Over these last few weeks since Dash passed away, I've been trying to keep busy with future projects to help me through the loss of one of my two famous "boys". During that process, I've been planning a new series tentatively titled "Dez Young's Traveling Sportsman", and have found great interest in it when I've contacted the traditional outdoor networks. If and when that progresses to the point of "probability", as opposed to "possibility", I will certainly let you know.
In the meantime I want to tell you about a unique project that will become a one time "special" that I'm taping this early fall in New England. One of the most famous and beloved outdoor short stories was written by Corey Ford and is called, "The Road to Tinkhamtown". If you've not read it, you can find it on Google. When you read it, have your hanky handy! It's basically about an elderly man (Frank) and his memories of his beloved Setter (Cider). I am participating in turning that story into a television production. It will be produced in New Hampshire (where the story unfolds) in early October and then marketed to the networks by late winter, once it is edited. It will be an honor to be part of this production. My role will be to be on camera, reading the story to viewers, while "B" roll footage tells the visual part of the story. If it turns out the way I anticipate, it will be one of my most important roles in my television career.
With bird hunting season nearly here as I write this, I am struggling with what to do. So much of my love of bird hunting has always revolved around my dogs. Even as a kid, I loved watching our family dogs (Springers and Cockers) work the heavy brush in the country surrounding my home town of Pendleton, Oregon. As an adult, I've always had hunting dogs around me as part of my family. It seems so strange to not have Dash here in my office when I'm working. It will seem even stranger when I can't just put Dash in my truck and head off to chase birds together. If you've lost bird dogs, you know just how I feel. Anyway, I wish you a safe and successful bird hunting season...and give your four legged hunting partner a pet from me...dez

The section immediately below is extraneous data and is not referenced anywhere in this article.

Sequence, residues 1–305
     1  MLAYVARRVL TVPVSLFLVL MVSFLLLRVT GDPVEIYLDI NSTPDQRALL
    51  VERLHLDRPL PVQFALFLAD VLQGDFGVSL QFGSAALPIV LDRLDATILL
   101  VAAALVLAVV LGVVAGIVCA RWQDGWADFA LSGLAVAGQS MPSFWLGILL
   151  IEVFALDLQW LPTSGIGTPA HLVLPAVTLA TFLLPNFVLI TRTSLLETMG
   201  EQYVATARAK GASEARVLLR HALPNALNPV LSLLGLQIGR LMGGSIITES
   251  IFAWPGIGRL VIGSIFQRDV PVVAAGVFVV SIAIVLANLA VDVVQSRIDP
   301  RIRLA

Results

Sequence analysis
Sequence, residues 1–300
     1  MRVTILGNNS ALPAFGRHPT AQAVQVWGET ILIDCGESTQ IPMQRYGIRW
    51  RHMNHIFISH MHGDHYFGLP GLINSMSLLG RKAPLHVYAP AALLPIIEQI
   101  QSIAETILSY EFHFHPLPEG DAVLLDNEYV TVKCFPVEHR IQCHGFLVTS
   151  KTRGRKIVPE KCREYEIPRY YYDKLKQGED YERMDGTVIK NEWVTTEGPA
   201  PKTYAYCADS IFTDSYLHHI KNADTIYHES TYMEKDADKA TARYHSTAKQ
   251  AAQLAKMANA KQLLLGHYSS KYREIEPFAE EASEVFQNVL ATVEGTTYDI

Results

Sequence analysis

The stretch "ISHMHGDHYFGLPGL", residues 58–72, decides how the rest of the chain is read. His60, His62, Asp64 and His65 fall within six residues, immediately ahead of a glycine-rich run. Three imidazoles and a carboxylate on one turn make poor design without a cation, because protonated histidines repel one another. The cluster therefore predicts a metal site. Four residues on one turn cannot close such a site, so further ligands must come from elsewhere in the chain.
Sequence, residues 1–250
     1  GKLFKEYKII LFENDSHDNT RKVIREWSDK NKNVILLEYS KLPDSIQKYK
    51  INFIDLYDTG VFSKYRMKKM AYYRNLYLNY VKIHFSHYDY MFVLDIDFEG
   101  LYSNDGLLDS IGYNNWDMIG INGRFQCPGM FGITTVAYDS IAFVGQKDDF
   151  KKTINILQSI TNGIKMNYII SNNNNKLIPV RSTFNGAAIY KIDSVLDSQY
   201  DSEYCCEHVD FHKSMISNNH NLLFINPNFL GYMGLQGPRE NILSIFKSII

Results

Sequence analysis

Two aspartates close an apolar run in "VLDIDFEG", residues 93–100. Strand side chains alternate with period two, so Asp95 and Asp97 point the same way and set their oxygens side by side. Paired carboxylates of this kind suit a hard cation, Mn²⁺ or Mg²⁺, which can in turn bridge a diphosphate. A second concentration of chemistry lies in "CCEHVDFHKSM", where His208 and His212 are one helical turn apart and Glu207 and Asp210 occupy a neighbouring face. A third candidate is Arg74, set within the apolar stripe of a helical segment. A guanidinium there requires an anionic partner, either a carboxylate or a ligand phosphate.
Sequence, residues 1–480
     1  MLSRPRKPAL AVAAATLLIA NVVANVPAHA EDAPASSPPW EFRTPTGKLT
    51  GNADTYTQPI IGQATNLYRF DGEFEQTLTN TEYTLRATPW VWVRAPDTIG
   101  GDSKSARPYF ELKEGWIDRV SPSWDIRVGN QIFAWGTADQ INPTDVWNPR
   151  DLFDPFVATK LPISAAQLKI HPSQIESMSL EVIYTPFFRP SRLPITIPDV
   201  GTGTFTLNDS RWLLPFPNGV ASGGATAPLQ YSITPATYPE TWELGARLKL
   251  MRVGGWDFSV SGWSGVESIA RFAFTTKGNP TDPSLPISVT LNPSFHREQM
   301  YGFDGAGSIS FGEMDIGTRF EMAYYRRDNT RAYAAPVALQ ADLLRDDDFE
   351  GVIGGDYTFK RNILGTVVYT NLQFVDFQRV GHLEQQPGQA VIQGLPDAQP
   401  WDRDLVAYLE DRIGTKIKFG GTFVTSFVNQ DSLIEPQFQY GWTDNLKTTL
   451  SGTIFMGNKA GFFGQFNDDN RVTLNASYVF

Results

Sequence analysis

Hank's Dashing Bondhu (Dash): born December 10, 2001...Died July 18, 2013
He was his dad's boy...smart, energetic, playful and loving. Just like his dad, Hank, Dash found his way into my heart immediately upon arriving at our home at 7 weeks of age. I had retired Hank from his television show, and the network (then called OLN), had requested that I continue with another bird hunting series, if Dash would be at least an equal to Hank.
It didn't take long for my friend and Director Bob Corley and I to discover that Dash was going to be a credit to his dad. In early training, Dash responded to every new learning experience with all the energy and enthusiasm I could want in a puppy.
Throughout the early training I felt confident that we could start a new series that fall. So, at 9 months of age, with Hank as his only on-camera hunting partner, we taped Dash's first three television shows. After that, he and I shared birdhunting adventures all across the country, and in places I was never able to get Hank (Hawaii and Mexico, for instance).
As his skill increased so did his on-camera appeal. He had a beautiful flowing, white coat with chestnut markings, just like his dad. His points were spectacular, he covered ground like a race horse, but would stop in an instant and "freeze" into heart pounding points that his fans loved to see.
Personal appearances were always a treat, just like they had been with Hank. Fans loved to meet him, get pictures taken with him, and in the case of young girls, plant kisses on his nose. Dash was always a gentleman, and showed great patience at every appearance.
He and I taped 62 episodes of Dash in the Uplands together before I retired him from television. Over the last few years, he and I continued to hunt and make appearances together, including his last public appearance this past spring at the 1st annual Bird Dog Jamboree, where he was the featured celebrity.
It's hard to express the love and gratitude I feel for both of my "boys". They not only provided an excellent living for me, but they were beloved members of the family. My wife Karenanne and I will always have wonderful memories of each of them.
For each episode of his and his dad's television shows, I always reminded our viewers (with my tongue firmly planted in my check), to: Never, ever spoil your bird dog. I had one more opportunity to spoil Dash when he collapsed on our kitchen floor that last morning. I raced to his side, got down on the floor, and held him in my arms. I told him how much I loved him and that I would not leave his side. I know the words meant nothing to him, but I wanted him to hear my voice as he struggled. When he took his last breath, I buried my nose in his coat and breathed in his scent one last time.
To all of you who were kind enough to write, phone, Facebook and text...Karenanne and I want you to know how much that meant to us.
Hank and Dash are the only two television bird dogs in the National Bird Dog Museum and Hall of Fame. You can see their portraits when you visit that wonderful facility.
I will always be grateful for having those two wonderful dogs in my life...I have all of their shows on tape to watch whenever I need a "fix" from them. I have Hank's book to read and Dash's audio book to listen to, as well. It's not the same, of course, but it's a chance to be with my "boys" whenever I need them back in my life.
Give your dog a hug from all of us...dez
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